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Friday, July 15, 2016

Sewing a Self-Bound Seam

There are so many seam finishes out there it can be difficult to decide on one. The decision is typically made based on the type of fabric and the exact look you're going for. If you're hoping to hide all your raw edges by enclosing them, and your fabric is sturdy and does not fray easily, or at all, you might consider the self-bound seam.

Start by ironing your seam in the expensive position. This will help keep you from accidentally clipping both sides of the seam allowance. When it's nice and flat, trim one side to about 1/8". No more than that, but not really less than that either. You'll need the room.

Once that's done, fold under the opposite seam allowance and press carefully. Fold it under again and press again. Then take the trimmed seam allowance and slip it inside the folded seam allowance. Take your time and make sure everything lays flat along the entire length of the seam.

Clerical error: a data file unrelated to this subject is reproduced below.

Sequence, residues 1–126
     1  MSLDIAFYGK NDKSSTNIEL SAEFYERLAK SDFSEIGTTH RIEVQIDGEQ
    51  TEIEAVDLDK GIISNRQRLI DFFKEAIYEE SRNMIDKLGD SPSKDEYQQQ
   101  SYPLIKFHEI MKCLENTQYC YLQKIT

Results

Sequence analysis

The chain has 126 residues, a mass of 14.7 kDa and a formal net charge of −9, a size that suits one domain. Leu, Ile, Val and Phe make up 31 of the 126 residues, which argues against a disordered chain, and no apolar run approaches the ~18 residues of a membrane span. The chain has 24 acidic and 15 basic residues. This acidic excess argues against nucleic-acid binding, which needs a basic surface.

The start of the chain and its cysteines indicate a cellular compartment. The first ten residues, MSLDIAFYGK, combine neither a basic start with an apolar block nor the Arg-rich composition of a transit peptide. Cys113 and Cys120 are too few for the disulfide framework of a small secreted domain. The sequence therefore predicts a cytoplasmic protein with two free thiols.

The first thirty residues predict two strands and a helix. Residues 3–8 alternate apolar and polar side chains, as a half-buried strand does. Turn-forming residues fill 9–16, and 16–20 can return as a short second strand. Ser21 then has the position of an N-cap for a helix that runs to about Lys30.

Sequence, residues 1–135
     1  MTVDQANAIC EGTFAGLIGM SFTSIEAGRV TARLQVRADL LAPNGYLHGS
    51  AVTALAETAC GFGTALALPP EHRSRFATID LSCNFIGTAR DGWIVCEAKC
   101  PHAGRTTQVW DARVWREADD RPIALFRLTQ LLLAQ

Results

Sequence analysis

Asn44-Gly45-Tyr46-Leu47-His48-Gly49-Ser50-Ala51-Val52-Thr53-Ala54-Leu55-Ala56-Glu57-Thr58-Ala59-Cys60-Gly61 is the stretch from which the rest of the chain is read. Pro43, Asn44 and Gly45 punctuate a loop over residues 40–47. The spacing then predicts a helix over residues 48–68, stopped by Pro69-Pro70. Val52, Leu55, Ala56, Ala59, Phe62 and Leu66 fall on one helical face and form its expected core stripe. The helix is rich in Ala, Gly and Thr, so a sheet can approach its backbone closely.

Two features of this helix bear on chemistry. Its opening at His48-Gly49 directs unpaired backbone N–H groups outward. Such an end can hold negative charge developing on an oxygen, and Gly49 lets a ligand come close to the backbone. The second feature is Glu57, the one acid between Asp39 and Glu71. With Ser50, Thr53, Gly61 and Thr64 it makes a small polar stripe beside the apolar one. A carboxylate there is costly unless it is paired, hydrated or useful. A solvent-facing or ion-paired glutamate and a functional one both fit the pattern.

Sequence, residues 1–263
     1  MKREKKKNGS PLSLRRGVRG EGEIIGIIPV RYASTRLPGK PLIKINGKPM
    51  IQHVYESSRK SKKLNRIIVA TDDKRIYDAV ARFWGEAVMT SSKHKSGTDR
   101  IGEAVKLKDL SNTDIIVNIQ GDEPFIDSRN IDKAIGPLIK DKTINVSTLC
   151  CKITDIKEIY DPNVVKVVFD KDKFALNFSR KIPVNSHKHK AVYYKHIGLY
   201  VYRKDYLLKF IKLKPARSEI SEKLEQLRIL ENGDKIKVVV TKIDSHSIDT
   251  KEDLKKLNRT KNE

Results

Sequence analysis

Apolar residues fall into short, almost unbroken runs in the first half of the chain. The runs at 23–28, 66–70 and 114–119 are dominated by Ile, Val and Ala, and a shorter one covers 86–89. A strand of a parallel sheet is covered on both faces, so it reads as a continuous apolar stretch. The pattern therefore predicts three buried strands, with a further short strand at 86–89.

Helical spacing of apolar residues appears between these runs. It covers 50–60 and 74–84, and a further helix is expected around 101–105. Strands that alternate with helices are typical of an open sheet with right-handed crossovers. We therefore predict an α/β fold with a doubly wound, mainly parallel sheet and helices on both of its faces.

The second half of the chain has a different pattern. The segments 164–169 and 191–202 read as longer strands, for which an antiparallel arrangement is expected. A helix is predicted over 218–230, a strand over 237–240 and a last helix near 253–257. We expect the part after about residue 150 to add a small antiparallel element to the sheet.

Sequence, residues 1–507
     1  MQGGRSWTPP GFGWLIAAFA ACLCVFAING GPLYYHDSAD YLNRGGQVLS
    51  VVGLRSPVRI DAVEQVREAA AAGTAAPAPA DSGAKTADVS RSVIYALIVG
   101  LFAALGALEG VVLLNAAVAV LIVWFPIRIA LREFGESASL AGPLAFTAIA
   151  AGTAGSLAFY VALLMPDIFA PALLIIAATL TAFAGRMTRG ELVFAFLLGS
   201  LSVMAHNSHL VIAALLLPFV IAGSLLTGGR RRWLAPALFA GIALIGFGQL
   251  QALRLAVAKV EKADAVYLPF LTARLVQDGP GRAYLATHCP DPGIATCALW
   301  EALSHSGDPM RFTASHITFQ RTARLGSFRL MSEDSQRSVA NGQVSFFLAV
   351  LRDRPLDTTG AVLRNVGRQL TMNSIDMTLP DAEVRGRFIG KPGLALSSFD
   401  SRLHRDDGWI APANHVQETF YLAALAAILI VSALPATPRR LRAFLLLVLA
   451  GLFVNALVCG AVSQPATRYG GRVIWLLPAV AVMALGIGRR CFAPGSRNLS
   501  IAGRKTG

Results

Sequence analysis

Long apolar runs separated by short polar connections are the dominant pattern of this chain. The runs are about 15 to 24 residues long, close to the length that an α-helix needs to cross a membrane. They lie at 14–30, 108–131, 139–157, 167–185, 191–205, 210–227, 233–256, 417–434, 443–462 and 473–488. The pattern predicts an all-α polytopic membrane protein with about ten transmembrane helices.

When you're prepared, stitch the seam closed. Stay as close to the folded edge as possible while still catching all layers of the seam allowance. Once you're done, press flat and go.

Friday, October 30, 2015

Halloween Costumes: Cleopatra

I love making Halloween costumes, especially when they're for children. This item was one of my favorites. Because I was working with the child in question, we decided to throw out historical accuracy and focus instead on what she wanted in her own costume. Please note: in the picture the little girl is wearing a thick sweater under the dress. Hey, it's really cold where we live and everyone was about to leave for the annual trick-or-treat. If the costume was to be worn indoors, the arms would have been bare.

To begin, we chose a brilliant white satin for the base gown. Because this had to fit over a snowsuit (we're usually buried under snow by the end of October), we had to make the gown a couple sizes larger than normal. We also had to make sure it was short enough for her to climb over a snow bank if she had to.